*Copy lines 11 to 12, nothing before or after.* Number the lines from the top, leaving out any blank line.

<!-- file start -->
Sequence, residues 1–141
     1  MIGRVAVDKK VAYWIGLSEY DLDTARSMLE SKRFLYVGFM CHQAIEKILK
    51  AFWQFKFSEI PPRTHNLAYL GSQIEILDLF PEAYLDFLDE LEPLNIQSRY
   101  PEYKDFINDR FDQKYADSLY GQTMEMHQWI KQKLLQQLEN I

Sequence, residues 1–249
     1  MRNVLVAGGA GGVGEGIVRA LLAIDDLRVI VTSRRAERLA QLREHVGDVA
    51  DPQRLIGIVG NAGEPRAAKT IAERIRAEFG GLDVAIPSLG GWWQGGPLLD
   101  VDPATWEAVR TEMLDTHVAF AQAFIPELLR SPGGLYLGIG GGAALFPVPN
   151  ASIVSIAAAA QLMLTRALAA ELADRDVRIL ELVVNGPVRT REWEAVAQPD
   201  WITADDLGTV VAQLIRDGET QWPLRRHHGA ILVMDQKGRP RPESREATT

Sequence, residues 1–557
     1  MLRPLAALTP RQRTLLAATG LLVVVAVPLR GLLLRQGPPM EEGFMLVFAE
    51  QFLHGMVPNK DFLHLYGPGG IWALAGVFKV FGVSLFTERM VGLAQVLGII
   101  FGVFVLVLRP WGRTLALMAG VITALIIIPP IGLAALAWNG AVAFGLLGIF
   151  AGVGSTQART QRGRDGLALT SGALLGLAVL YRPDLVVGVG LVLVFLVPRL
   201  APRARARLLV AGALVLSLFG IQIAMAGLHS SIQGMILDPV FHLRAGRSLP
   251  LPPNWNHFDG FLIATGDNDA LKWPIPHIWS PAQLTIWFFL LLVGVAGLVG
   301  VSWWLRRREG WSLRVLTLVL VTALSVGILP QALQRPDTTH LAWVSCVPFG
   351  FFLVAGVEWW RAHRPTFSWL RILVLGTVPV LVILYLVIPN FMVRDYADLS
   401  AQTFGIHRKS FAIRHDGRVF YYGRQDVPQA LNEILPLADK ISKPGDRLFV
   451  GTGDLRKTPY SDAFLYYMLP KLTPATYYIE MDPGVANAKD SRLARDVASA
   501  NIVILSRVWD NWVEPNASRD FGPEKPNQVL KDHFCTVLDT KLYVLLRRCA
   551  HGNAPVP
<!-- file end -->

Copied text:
Sequence, residues 1–557
     1  MLRPLAALTP RQRTLLAATG LLVVVAVPLR GLLLRQGPPM EEGFMLVFAE